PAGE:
Venezuela’s Maduro Launches ‘Counteroffensive’ Against Opposition That Backs US Sanctions 

By Luke Taylor
Luke Taylor
Luke Taylor
August 14, 2019 Updated: August 16, 2019

BOGOTA, Colombia—The regime of Venezuela’s Nicolás Maduro lashed out at the country’s opposition-run congress this week by prosecuting some of its members for supporting new economic sanctions imposed by the United States.

Three opposition lawmakers were charged by the Supreme Court with treason and other crimes earlier. The pro-government legislature, created by Maduro to strip power from the country’s democratic congress, the National Assembly, also announced it would create a commission to evaluate holding 2020 legislative elections earlier, a move that might allow Maduro to reclaim power over the last democratically elected political institution.

Juan Guaidó, the head of congress who invoked the constitution to declare himself interim president on Jan. 23, denounced the move as another attempt to rule through fear and oppression. National Assembly members told The Epoch Times that Maduro’s latest move wouldn’t prevent them from continuing to work toward removing the “narco-dictator” from power.

The announcements followed Washington’s decision to slap the most aggressive sanctions to date on the country on Aug. 5. While excluding the private sector, as well as food, medicine, clothing, and humanitarian aid, the sanctions prevent foreign businesses from dealing with the government and could further decimate an economy already coping with six-digit inflation.

Maduro has promised a “counteroffensive” against those endorsing the sanctions to “bring justice to the sellouts and traitors.”

That “counteroffensive” began Aug. 12 when three lawmakers were charged by the Supreme Court—dominated by judges in Maduro’s party—with treason and conspiracy.

The National Constituent Assembly, also loyal to the government, opened the path to imprisoning Juan Pablo García Canales, José Ángel Guerra Brito, and Tomás Guanipa Villalobos by stripping their parliamentary immunity.

“The dictatorship has become predictable in the only tool it has left: persecution,” Guaidó wrote on Twitter in response to the announcement.

The court has charged 21 deputies with such crimes since 2018.

Deputies interviewed by The Epoch Times said that such measures were expected, and although serious, wouldn’t keep them from continuing their campaign to remove Maduro, who they said is already in his last days in power.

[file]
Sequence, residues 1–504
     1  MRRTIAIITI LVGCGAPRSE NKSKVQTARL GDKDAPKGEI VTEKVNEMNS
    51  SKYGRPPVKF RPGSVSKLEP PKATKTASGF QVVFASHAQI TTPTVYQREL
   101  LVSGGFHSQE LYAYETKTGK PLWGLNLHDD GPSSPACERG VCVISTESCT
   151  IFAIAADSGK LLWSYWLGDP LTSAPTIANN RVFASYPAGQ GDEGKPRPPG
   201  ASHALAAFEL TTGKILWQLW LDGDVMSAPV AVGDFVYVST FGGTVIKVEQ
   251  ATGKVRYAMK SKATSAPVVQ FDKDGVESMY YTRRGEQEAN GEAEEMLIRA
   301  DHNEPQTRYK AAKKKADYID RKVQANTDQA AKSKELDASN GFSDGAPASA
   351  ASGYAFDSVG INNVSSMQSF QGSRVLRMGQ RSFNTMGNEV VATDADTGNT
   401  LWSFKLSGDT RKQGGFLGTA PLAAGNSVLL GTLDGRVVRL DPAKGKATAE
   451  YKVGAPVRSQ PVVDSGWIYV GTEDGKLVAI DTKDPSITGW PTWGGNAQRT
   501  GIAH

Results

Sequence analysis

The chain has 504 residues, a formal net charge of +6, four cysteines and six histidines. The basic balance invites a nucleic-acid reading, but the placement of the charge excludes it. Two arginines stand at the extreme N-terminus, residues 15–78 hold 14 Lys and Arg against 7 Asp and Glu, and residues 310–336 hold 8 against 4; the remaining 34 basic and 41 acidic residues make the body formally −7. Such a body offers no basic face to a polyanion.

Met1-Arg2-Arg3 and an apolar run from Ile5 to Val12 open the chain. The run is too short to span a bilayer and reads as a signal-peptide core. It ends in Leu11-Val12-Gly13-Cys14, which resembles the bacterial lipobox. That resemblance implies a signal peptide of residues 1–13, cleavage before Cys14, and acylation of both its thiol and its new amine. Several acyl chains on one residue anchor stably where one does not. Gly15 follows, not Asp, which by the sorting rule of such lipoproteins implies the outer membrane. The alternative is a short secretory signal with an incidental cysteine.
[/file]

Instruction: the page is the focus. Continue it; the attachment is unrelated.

“Venezuela has advanced massively. Today, the only institution that is recognized nationally and internationally is the National Assembly, over which Juan Guaidó presides,” said Americo de Grazia, a member of congress who sought refuge in the Italian embassy in May, when he faced similar charges. “[Maduro’s camp] is already dislocated and has no way out.”

Targeting the National Assembly

It also was announced by the pro-Maduro legislature on Aug. 12 that a commission would be created to look into holding 2020 legislative elections early.

Maduro’s regime already has invoked a number of measures to make the National Assembly impotent, but doesn’t currently control it. In March 2017, the Supreme Court took steps to absorb its functions but abandoned the move as international opposition to the move intensified.

Analysts say Maduro is avoiding moves to dissolve the Assembly as it would likely provoke too strong of a reaction from Guaidó’s allies, such as the United States.

“Any attack against the [National Assembly] is an attack on democracy. The National Assembly is the only democratic and legitimate institution in Venezuela and it represents the hopes and aspirations of all Venezuelans against a tyrannical regime,” the U.S. Embassy in Venezuela wrote on Twitter, following growing speculation about a full National Assembly shutdown.

Short of regaining control of the institution, or dissolving it entirely—which risks further retaliation from the United States—there are few options left for Maduro, said Geoff Ramsey, assistant director for Venezuela at the Washington Office on Latin America advocacy group.

“Maduro is running out of cards to play. Either closing the National Assembly or stripping enough of its opposition members of immunity to ensure the opposition lacks quorum will be hugely costly,” Ramsey said, pointing out that the government had already announced the same measures in February, showing the scarcity of remaining options.

Luke Taylor
Luke Taylor